Note that
$$ D(\rho)=-\frac{\Lambda W}{\mu_{0}} \int_{\mathbb{R}^{3}}\frac {(x_{1}-y_{1})^{2}+(x_{2}-y_{2})^{2}}{ ((x_{1}-y_{1})^{2}+(x_{2}-y_{2})^{2} +(x_{3}-y_{3})^{2} )^{\frac{3}{2}}}\rho(y)\,dy. $$
By the Riesz potential estimate [16], Lemma 7.12, p.159, we get
$$ \bigl\Vert D(\rho) \bigr\Vert _{\frac{2-\varepsilon}{1-\varepsilon}}\leq C\vert \Omega \vert ^{\mu-\delta} \Vert \rho \Vert _{p} \quad \text{if } p< \frac{3(2-\varepsilon )}{7-5\varepsilon} $$
for \(\mu=\frac{2}{3}\) and \(\delta=\frac{1}{p}-\frac{1-\varepsilon}{2-\varepsilon}\), where Ω is the compact support of ρ.
By the interpolation inequality (Theorem 2.11 in [17]), if \(f\in L^{q}\cap L^{r}\) (\(1\leq q < p< r<\infty\)), then
$$ \Vert f\Vert _{p}\leq \Vert f\Vert _{q}^{a}\Vert f\Vert _{r}^{1-a} $$
for \(a=\frac{p^{-1}-r^{-1}}{q^{-1}-r^{-1}}\).
Inserting \(q=1\), \(r=2-\varepsilon\), and \(a=\frac{(2-\varepsilon )/p-1}{1-\varepsilon}<1 \) into (3.34), we get that (3.33) implies
$$ \biggl\vert \frac{1}{2} \int_{\mathbb{R}^{3}}\rho D(\rho)\,dx \biggr\vert \leq C\Vert \rho \Vert _{2-\varepsilon}^{2-a}\Vert \rho \Vert _{1}^{a}. $$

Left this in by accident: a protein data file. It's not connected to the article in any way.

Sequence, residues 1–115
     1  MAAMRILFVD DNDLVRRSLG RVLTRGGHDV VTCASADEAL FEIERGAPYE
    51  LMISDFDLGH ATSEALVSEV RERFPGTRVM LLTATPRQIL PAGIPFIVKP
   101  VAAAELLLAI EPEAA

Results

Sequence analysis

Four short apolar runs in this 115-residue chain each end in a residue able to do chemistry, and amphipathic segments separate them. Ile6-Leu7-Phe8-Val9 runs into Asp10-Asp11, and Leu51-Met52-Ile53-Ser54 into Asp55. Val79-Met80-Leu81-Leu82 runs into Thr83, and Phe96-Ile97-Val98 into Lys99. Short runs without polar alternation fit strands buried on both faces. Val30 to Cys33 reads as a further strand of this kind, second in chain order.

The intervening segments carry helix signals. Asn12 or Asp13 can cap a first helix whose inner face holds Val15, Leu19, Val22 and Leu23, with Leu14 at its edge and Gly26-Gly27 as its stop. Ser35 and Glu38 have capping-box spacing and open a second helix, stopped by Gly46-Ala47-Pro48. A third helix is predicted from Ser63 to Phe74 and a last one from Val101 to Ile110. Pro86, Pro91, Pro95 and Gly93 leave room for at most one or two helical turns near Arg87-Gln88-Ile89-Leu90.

By the interpolation inequality [16], (7.6), p.145, we obtain
$$ \int_{\mathbb{R}^{3}}\rho^{2-\varepsilon}\,dx\leq\omega \int _{\mathbb{R}^{3}}\rho^{\alpha}\,dx+\omega^{-\frac{2-\varepsilon }{\alpha-2+\varepsilon}} \vert \Omega \vert ^{\frac{\alpha-2+\varepsilon }{\alpha}} \leq\omega \int_{\mathbb{R}^{3}}\rho^{\alpha}\,dx+\omega ^{-\frac{2-\varepsilon}{\alpha-2+\varepsilon}} \vert \Omega \vert ^{\frac {\alpha-2+\varepsilon}{\alpha}}, $$
where \((\alpha>2-\varepsilon)\), and Ω is the compact support of ρ.